Yoga: The Consciousness

Warrior poses in yoga are named after Virabhadra, a fierce warrior created by Shiva’s anger. There is a story about this. 

Sati, the youngest daughter of Daksha, won the heart of Shiva who was known for dwelling on Mount Kailash in long periods of one-pointed meditation. But Daksha was not pleased about Sati getting married to Shiva.  

One day, Daksha organized a great fire sacrifice. He didn’t invite Sati and Shiva. Sati went to the sacrifice anyway and was humiliated and insulted by her father. Consequently, she immolated herself in a rage. Knowing this, Shiva was mad with grief and fury. From his matted hair, the powerful warrior Virabhadra arose. Virabhadra and his army destroyed the sacrifice, and Daksha was beheaded. 

Traditionally, yoga is known as a spiritual practice for self-realization, and concentration is an essential part of it. However, be aware that “Knowing others is intelligent; knowing yourself is true wisdom” (Tao Te Ching 33). Living in the world, no one can avoid interacting with others, and emotions come about with the interaction. Wisdom from self-realization is only one side. We should not neglect the other side, the intelligence that helps to handle relationships with others. To live wisely, we need both wisdom and intelligence to guide us. For example, life in a secluded mountain is totally different from worldly life, and the goal of a spiritual seeker is different from a householder. Can we recognize the variance and adjust accordingly? The ability to concentrate is not enough; we also need to have the insight and technique to know how to apply this ability. The way of managing anger can help us understand this idea. 

We know that anger is a powerful emotion that harms both our self and others. Anger, like a fire, can bring destruction and be the destroyer of life. Without any preparation, we won’t be able to restraint anger. If we direct the mind in the proper direction, yoga, “the ability to direct the mind exclusively toward an object and sustain that direction without any distractions” (Yoga Sūtra 1.2), can certainly help.  First, we need to direct the mind toward anger itself instead of the cause of anger. As Thich Nhat Hanh says, “like a firefighter, we must put water on the blaze immediately and not waste time looking for the person who set the house on fire.” As the story of the warrior Virabhadra demonstrates, concentration alone will not help to tame emotions in the absence of this awareness.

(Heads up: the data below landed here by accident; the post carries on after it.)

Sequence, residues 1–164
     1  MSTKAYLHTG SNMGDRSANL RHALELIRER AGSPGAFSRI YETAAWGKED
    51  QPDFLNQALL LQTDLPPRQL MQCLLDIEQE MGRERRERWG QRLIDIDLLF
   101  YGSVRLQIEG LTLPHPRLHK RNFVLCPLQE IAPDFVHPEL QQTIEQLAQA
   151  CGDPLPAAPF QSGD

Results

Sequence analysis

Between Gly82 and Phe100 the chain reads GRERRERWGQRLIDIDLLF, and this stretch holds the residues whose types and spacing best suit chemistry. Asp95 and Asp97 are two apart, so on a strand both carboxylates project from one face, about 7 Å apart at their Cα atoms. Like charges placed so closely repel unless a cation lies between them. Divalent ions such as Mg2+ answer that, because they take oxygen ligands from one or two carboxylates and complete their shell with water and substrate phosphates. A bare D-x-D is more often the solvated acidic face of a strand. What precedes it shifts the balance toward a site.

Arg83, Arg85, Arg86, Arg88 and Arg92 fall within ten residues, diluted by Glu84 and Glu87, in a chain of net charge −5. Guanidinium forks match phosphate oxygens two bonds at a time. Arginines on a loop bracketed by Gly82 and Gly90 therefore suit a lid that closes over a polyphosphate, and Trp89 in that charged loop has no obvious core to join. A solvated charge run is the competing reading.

After becoming aware of the appropriate direction, we can then enhance this awareness with mindfulness practice. According to Thich Nhat Hanh, “The foundation of all mindfulness practice is to bring our attention to in-breath and out-breath.” He suggests reciting the following verse regularly to train our minds and get ready to overcome this strong emotion. 

Breathing in, I know that anger is still here.
Breathing out, I know that anger is me. And I know that mindfulness is me also.

Breathing in, I know that anger is an unpleasant feeling.
Breathing out, I know this feeling has been born and will die. 

Breathing in, I know that I can take care of this feeling.
Breathing out, I calm this feeling. 

When practicing yoga poses such as Warrior II, we can also combine with mindful breathing. 

Breathing in, I know that I can take care of this feeling.
Breathing out, I calm this feeling. 

Hopefully, with practice, at the moment anger arises, we can bring attention to our breathing to subdue this powerful emotion. 

Keep in mind that Yoga Sūtra (2.29) presents eight components of yoga. Dhārāna, “the ability to direct our minds”, is only one of them. The other components, such as prāṇāyāma, “the practice of breathing exercises”, will strongly affect the state of mind. Conscious breathing will ground us and give us orientation. May the practice of mindfulness lead us to be skillful mind masters – knowing when and how to apply our abilities and knowing the direction to walk in as the situation and environment change. 


  1. The story of the warrior Virabhadra is rephrased from B.K.S. Iyengar, Light on Yoga (London: Thorsons, 2001), 46-47.
  2. Stephen Mitchell, Tao Te Ching (New York: Harper Perennial Modern Classics, 2006), 33.
  3. Quotations of Yoga Sūtra from T.K.V.Desikachar, The Heart of Yoga: Developing a personal practice (Rochester: Inner Traditions International, 1995), 149.
  4. Thich Nhat Hanh, Happiness – Essential Mindfulness Practice (Berkeley, CA: Parallax Press, 2009), 3.
  5. Thich Nhat Hanh, The Sutra on the Four Establishments of Mindfulness in Awakening of the Heart : Essential Buddhist Sutras and Commentaries (Berkeley, CA: Parallax Press, 2012), 157-158.

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